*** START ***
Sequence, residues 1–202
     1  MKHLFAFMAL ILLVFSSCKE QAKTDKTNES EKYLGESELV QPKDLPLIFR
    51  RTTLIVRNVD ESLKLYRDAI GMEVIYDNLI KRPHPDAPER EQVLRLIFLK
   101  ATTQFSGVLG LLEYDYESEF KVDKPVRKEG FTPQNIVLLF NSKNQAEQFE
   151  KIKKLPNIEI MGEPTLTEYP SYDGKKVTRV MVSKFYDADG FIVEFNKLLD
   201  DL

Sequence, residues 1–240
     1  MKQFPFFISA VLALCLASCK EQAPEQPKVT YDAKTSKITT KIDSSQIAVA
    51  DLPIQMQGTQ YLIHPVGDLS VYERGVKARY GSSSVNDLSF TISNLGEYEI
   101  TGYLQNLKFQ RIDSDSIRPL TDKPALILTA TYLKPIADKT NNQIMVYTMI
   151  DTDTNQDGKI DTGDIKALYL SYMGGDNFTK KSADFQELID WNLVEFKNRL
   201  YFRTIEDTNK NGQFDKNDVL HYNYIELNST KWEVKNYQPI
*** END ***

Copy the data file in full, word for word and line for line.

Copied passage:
Sequence, residues 1–202
     1  MKHLFAFMAL ILLVFSSCKE QAKTDKTNES EKYLGESELV QPKDLPLIFR
    51  RTTLIVRNVD ESLKLYRDAI GMEVIYDNLI KRPHPDAPER EQVLRLIFLK
   101  ATTQFSGVLG LLEYDYESEF KVDKPVRKEG FTPQNIVLLF NSKNQAEQFE
   151  KIKKLPNIEI MGEPTLTEYP SYDGKKVTRV MVSKFYDADG FIVEFNKLLD
   201  DL

Sequence, residues 1–240
     1  MKQFPFFISA VLALCLASCK EQAPEQPKVT YDAKTSKITT KIDSSQIAVA
    51  DLPIQMQGTQ YLIHPVGDLS VYERGVKARY GSSSVNDLSF TISNLGEYEI
   101  TGYLQNLKFQ RIDSDSIRPL TDKPALILTA TYLKPIADKT NNQIMVYTMI
   151  DTDTNQDGKI DTGDIKALYL SYMGGDNFTK KSADFQELID WNLVEFKNRL
   201  YFRTIEDTNK NGQFDKNDVL HYNYIELNST KWEVKNYQPI